Ed. note: Got a lot of nice feedback on the Sammy Baugh articles we published last week, especially from some of the old-timers out there, but this was probably the best because it comes a very special reader, at least in our eyes: World War II Marine Corps veteran Jerry McConnell. We thought it deserved its own space this week.
As a U. S. Marine, I returned to the U. S. from the South Pacific war against the Japanese in November 1943 and was stationed in a Naval Hospital in St. Albans, NY.  In March of 1944 I was transferred to Headquarters Marine Corps Guard Battalion in Washington, DC. That was when I learned how good Sammy Baugh was as a two-way football player for the Washington Redskins.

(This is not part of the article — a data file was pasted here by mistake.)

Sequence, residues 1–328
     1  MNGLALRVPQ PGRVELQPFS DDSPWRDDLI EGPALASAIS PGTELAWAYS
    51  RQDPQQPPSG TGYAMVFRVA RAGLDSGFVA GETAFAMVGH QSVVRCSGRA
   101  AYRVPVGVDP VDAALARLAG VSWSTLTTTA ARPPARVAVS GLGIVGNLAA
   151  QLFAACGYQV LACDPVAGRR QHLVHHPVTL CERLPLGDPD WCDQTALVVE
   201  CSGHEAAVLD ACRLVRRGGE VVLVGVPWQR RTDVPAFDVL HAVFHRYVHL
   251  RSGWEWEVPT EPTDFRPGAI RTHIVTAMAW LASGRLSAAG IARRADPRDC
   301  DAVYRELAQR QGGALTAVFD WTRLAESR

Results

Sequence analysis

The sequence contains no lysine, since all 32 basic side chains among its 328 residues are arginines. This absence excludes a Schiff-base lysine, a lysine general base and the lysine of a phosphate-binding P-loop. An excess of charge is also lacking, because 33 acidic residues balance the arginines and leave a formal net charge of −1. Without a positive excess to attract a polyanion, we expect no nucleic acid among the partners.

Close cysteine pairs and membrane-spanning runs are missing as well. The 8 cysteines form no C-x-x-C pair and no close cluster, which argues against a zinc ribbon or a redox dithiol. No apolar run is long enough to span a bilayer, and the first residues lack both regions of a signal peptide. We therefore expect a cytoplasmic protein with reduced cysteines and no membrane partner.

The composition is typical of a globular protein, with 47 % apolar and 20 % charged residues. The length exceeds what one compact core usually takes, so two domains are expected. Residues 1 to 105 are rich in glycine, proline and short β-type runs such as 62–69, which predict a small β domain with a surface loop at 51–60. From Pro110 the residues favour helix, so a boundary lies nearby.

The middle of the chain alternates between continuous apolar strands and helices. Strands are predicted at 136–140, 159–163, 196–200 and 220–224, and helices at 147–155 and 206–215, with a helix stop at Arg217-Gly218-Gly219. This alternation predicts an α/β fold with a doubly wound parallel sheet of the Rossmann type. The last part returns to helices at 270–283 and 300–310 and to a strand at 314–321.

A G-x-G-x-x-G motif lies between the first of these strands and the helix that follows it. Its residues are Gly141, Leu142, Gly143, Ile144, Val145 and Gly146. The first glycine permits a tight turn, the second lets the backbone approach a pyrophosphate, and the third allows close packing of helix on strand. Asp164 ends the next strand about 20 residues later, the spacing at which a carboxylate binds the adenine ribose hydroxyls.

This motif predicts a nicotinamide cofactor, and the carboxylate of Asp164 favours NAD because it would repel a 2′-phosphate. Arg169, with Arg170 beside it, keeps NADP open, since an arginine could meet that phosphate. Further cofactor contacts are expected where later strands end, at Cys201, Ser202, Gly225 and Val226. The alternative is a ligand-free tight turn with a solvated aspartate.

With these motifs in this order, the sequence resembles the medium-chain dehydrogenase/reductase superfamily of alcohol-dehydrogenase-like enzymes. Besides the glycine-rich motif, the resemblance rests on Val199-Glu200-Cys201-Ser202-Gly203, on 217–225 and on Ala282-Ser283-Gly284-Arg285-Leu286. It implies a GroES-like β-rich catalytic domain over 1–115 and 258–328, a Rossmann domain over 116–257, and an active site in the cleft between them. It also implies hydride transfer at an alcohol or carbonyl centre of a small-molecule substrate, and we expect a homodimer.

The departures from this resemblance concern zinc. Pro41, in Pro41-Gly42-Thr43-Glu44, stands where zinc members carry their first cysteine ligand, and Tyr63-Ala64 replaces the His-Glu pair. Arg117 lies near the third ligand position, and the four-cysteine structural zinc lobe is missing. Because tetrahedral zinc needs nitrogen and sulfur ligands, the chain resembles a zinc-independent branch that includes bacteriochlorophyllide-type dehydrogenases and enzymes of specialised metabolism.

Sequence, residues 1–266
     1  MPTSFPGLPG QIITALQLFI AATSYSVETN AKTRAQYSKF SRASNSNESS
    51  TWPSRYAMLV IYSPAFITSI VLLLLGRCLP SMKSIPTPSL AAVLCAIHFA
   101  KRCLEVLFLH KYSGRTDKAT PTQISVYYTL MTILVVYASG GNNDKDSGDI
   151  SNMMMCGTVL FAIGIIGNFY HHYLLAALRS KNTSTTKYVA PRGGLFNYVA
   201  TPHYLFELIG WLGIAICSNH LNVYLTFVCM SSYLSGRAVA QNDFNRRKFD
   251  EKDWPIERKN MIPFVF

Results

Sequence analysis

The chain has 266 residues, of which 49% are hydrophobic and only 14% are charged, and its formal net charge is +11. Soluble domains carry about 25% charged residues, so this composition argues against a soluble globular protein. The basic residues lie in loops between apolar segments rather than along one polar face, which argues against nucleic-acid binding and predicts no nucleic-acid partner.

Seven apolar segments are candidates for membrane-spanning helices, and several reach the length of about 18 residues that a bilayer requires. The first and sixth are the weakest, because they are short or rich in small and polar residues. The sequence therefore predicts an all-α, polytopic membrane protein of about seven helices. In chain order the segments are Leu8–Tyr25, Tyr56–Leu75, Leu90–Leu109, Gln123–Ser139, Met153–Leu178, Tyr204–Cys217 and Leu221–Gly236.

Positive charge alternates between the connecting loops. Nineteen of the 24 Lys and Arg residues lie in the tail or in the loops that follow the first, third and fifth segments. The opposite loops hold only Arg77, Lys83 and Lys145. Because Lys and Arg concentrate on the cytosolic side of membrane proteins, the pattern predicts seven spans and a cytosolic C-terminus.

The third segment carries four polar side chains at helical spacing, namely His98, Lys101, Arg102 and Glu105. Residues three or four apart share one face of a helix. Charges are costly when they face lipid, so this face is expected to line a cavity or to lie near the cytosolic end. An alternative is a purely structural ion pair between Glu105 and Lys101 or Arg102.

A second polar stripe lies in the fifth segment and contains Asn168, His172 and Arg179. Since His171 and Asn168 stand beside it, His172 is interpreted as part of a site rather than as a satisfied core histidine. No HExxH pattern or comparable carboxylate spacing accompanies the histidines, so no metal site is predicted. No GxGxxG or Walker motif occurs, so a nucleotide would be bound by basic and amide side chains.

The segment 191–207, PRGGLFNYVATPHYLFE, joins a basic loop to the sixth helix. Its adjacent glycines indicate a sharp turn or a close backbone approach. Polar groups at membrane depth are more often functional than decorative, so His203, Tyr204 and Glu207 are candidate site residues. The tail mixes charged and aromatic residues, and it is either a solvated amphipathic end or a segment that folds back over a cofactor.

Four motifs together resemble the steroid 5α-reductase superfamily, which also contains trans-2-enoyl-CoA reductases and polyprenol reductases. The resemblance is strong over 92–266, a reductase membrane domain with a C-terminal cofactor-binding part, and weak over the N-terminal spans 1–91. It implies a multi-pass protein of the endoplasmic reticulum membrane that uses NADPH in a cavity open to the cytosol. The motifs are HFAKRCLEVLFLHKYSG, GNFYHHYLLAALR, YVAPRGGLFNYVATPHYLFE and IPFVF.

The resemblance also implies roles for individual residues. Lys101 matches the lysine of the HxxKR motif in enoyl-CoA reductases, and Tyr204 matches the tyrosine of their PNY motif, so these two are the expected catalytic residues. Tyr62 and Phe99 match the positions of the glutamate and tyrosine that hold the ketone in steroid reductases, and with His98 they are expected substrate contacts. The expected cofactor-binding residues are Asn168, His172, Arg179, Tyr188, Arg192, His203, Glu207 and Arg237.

The Griffith family (owners of the Senator's and the city's major league ball park) allowed any military person into Griffith Stadium who was wearing the uniform. I rarely missed a Redskins home game in the following years.
I remained in the Washington, DC area until 1952, leaving when Sammy Baugh finished his remarkably outstanding football career.
I had never seen any player before that time, and I have never seen any player since that time that could equal the overall skills of Sammy Baugh. He was one of a kind, and in my opinion, the greatest professional football player in the history of the game.
How many players today can play both sides of the game on a full-time basis? Troy Brown came close but not anywhere clost to the numbers Baugh put up.
I am 84 years old and I know there will never be an equal to Mr. Baugh. Red Grange and Jim Thorpe are also legends who stand out, but Sammy Baugh was all alone at the top.
Thanks for publishing his story. - Jerry McConnell